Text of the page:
What Is Supplier Relationship Management

What Is Supplier Relationship Management

Ask any seasoned business veteran: business has more to do with building and maintaining relationships than with profits, revenues, or sales. Regardless of the company’s size or its particular industry, its continued existence rests squarely on the quality of its relationships. That is why companies invest small fortunes in developing and maintaining extensive customer information databases. That is why executives wine-and-dine executives from other enterprises during crucial deal negotiations. Moreover, that is why companies are beginning to see an increasing need for supplier relationship management – especially since businesses continue to increase the percentage of independent contractors that comprise their workforce.

It used to be that managing supplier relationships was largely the purview of the procurement department. If manufacturing needed a shipment of raw materials or parts to complete an order in progress – call the procurement department. They then went through their Rolodex of suppliers and called two or three to get competitive price quotes. Soon the folks on the assembly floor had the materials and parts they needed, and the accounting department had another invoice to process.

Businesses today still depend on the expertise of the procurement department to acquire the necessary parts and materials at the lowest prices, in the most expedient manner. However, obtaining a shipment of parts and materials requires a far different set of expertise than finding, attracting, and onboarding the necessary number of flexible, on-demand, independent workers ideally suited for the immediate tasks at hand.

Traditionally, fulfilling the labor and expertise needs of the company would fall within the purview of the human relations department. Their expertise is in recruiting, hiring, and managing long-term business talent. Also, HR manages employee benefits, compensation packages, training, and other considerations the company offers to employees. Contingent workers, on the other hand, are by definition non-employees.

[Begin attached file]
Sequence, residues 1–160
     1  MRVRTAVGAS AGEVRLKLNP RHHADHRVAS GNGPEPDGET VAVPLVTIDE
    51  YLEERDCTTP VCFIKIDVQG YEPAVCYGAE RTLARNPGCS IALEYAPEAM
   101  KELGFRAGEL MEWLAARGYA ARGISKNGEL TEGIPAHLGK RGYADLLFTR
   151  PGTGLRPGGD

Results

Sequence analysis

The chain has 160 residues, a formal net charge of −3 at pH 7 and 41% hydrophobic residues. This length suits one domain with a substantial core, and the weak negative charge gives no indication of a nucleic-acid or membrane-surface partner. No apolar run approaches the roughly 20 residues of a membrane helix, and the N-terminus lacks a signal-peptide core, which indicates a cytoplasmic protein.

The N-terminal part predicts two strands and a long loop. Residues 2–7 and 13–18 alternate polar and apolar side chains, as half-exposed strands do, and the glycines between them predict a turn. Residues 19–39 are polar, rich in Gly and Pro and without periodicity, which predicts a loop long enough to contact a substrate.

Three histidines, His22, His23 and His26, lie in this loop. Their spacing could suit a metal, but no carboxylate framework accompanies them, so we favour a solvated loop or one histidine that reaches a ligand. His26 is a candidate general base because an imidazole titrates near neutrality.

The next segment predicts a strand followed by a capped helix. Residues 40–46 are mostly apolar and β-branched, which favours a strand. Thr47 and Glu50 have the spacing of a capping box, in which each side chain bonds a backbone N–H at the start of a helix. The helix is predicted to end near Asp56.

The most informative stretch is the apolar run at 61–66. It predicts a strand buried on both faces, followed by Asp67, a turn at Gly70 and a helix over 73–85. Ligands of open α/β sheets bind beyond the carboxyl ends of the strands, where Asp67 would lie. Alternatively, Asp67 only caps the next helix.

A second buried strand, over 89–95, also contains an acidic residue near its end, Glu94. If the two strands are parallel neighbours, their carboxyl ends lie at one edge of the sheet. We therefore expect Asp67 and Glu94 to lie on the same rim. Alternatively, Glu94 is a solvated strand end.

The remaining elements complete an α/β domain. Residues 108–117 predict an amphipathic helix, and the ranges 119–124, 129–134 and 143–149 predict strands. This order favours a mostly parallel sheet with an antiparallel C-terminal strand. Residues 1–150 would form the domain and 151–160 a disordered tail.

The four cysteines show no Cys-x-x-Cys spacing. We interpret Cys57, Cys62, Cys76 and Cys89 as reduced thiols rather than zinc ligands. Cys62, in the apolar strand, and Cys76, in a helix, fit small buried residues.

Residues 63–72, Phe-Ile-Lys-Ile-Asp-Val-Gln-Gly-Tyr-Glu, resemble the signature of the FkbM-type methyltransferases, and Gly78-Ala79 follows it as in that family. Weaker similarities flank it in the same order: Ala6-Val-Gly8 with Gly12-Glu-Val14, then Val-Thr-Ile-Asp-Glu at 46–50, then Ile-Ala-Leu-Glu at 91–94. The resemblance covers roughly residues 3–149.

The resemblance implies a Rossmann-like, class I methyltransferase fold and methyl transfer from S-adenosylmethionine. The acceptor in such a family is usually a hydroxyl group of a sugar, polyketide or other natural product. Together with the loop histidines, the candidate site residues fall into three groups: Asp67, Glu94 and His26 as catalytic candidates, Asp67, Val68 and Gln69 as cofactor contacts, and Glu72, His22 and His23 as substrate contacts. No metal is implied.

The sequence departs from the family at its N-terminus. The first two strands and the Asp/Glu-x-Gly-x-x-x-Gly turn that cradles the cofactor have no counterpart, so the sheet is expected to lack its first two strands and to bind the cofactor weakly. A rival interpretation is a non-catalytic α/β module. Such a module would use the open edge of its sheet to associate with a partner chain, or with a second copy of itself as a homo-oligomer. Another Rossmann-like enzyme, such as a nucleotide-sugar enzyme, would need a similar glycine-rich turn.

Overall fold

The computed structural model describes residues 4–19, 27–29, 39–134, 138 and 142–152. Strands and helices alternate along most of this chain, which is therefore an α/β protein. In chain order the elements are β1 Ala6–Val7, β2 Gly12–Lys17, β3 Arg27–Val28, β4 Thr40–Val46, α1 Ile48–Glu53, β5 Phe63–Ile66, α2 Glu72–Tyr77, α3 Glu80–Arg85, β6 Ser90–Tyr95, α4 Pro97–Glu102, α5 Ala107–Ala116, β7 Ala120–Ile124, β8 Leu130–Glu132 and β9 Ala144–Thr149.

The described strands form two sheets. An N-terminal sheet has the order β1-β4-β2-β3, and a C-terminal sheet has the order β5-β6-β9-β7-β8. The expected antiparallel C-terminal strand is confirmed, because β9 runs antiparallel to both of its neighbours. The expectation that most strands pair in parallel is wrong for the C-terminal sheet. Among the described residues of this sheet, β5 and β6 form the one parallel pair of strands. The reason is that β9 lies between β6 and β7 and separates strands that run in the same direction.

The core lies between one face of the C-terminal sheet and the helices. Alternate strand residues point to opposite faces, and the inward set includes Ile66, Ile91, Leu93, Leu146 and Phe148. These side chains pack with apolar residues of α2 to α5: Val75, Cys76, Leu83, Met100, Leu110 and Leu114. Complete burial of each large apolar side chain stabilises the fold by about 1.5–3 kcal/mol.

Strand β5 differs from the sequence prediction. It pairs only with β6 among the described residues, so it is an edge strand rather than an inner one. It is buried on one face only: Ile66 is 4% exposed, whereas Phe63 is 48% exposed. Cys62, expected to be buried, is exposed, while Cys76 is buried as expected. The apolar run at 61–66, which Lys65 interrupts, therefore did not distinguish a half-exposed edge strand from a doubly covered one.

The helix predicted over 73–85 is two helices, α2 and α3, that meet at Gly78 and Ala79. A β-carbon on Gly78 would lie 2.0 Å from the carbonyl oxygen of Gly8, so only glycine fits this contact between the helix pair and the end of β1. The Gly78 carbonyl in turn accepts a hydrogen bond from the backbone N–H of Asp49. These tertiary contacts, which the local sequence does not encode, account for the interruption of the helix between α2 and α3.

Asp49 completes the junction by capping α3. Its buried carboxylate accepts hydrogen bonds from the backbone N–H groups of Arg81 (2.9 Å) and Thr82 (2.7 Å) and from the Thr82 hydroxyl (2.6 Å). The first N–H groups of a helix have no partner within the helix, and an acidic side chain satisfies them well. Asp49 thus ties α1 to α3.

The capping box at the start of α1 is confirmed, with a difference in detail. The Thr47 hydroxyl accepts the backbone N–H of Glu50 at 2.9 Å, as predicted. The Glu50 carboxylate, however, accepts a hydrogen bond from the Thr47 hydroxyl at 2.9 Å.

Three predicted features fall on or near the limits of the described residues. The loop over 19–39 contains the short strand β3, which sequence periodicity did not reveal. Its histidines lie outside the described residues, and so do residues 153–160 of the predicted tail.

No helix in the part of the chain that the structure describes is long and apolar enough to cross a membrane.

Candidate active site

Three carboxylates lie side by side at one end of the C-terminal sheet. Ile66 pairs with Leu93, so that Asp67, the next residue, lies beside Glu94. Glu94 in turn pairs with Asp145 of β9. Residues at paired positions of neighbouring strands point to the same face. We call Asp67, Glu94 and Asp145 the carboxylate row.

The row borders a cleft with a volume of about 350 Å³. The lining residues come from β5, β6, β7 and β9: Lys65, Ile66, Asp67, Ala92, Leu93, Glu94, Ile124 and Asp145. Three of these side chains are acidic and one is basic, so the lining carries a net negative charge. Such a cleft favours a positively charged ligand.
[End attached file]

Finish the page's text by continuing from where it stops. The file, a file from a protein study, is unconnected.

Contingent workers are a unique element in the company’s supply chain. Unique because they simultaneously fulfill two distinct roles. They are, on the one hand, the supply of short-term, on-demand labor, experience, and expertise the company needs to get specific projects done efficiently – rather like a truckload of materials and parts the assembly line workers need to fulfill a particular order. On the other hand, contingent workers are simultaneously the suppliers of the contingent labor. They negotiate the terms of the services to be delivered and then provide those services – rather like the company that provides the truckload of materials and parts for the assembly line workers.

Supplier relationship management is a unique solution for the unique relationship companies have with their contingent workforce. Regarding managing a company’s contingent workforce, a supplier relationship management platform provides

  • Streamlined processes for the enterprise to find the contingent workers with the right qualifications for the task at hand, thereby ensuring shorter time-to-earnings for the contingent worker and faster time-to-onboarding for the hiring company;
  • Data management features which allow the hiring company to track the work and results of each contingent worker, and similar data management for contingent workers to allow for the tracking of work done and resulting earnings from each hiring company; and
  • Smooth payment systems that provide for the efficient payment of earned income from the hiring company and the corresponding direct deposit of the earning into the contingent worker’s bank account.

Today’s supplier relationship management platforms provide a hybrid of traditional procurement and HR functions, expressly developed for the unique and growing needs of companies utilizing contingent workers in today’s gig economy.